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Scopus Checks & Balances: Maintaining Quality Content on Scopus

on Mon, 06/12/2017 - 20:30

When a journal is first suggested for Scopus, it must undergo a rigorous evaluation and selection process to ensure it meets all the high-quality title selection criteria required for acceptance. However, journals must also demonstrate the ability to maintain their quality status year over year. This is where the Re-evaluation program comes in to play. Now in its second full year, this year’s annual title evaluation has been completed and journals that must undergo the full Re-evaluation process have been notified.  

The Re-evaluation process involves a multi-step and evaluation process used to determine whether or not it still meets all the quality criteria required to remain indexed by Scopus. You can read more details about how title Re-evaluation works in this earlier post.

The path for those titles discontinued as of January 1, 2017 began in 2015 during the annual title evaluation process — a process that all 22,000+ titles indexed by Scopus undergo. In 2016, 300 titles were identified as underperforming, meaning that for two years in a row they did not meet any of the six quality metric and benchmarks listed in the table below and therefore began the full Re-evaluation process.

Out of those 300 titles re-evaluated by the Scopus Content Selection and Advisory Board (CSAB), 60% of them were found to no longer meet the Scopus title selection criteria. Title Re-evaluation follows the same selection criteria the CSAB uses when evaluating newly suggested titles for Scopus indexing. You can read more about title selection here. For those titles no longer meeting the title selection criteria, content coverage was discontinued as of January 1, 2017 (with any content indexed prior to January 1, 2017 remaining available on Scopus).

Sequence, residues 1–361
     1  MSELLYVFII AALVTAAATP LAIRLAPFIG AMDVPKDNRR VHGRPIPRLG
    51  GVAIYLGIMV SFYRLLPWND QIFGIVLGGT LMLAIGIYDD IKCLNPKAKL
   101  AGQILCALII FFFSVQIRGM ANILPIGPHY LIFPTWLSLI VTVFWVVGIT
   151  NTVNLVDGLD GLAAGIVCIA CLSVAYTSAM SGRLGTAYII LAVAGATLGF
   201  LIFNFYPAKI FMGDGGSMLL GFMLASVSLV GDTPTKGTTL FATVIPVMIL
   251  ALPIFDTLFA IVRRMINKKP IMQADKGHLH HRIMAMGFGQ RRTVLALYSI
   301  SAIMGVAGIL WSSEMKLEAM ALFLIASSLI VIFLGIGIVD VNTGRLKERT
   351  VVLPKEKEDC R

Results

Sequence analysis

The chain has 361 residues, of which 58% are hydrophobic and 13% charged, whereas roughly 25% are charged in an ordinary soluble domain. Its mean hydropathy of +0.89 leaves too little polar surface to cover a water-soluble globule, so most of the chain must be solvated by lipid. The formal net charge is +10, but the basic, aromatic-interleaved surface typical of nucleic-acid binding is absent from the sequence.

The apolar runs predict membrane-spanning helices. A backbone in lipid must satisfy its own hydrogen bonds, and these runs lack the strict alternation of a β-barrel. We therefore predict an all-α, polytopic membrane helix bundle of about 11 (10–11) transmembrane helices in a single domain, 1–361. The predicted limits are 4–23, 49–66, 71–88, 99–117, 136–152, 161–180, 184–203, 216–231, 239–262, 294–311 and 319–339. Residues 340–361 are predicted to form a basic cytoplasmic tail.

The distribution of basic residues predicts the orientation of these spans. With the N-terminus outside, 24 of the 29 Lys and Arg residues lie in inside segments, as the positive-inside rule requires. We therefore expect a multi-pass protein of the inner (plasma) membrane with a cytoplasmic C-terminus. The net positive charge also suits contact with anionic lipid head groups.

Now with this year’s annual evaluation complete, here is a summary of what happens next based on the results:

  • Titles not meeting any of the six metrics and benchmarks for the first time are notified of their journal’s performance, but are not re-evaluated by the CSAB this year. Instead, they are given one year in which to improve and meet at least one of the six metrics.
  • Titles not meeting any of the six metrics and benchmarks for 2 years in a row are notified and will be re-evaluated by the CSAB. The outcomes of the CSAB re-evaluation will be made known to the respective journals by the end of Q4 2017.
  • Titles flagged for possible publication concerns are notified and are re-evaluated by the CSAB within the same year of notification.

If a title is discontinued by Scopus, it will be added to the discontinued list found on the Scopus info site here.

As a general reminder, before you submit a paper for publication, it’s a good idea to check to see if a title is indexed by Scopus using the Scopus Source List, or whether it is a title present on the Scopus Discontinued Sources List. Both lists are made available on the Scopus info site. You can also check on Scopus itself using the ‘Sources’ page, which is freely available and also provides insightful information such as CiteScore, SNIP and SJR metrics.

What’s changed for the Re-evaluation program in 2017?

It’s also important to note that the Re-evaluation program itself is reviewed every year in order to ensure that benchmark criteria are still a relevant and appropriate standard of measurement. New in this year’s evaluation is the replacement of the former IPP (Impact Per Paper) metric with the new CiteScore annual value, which has 5 years of legacy data available.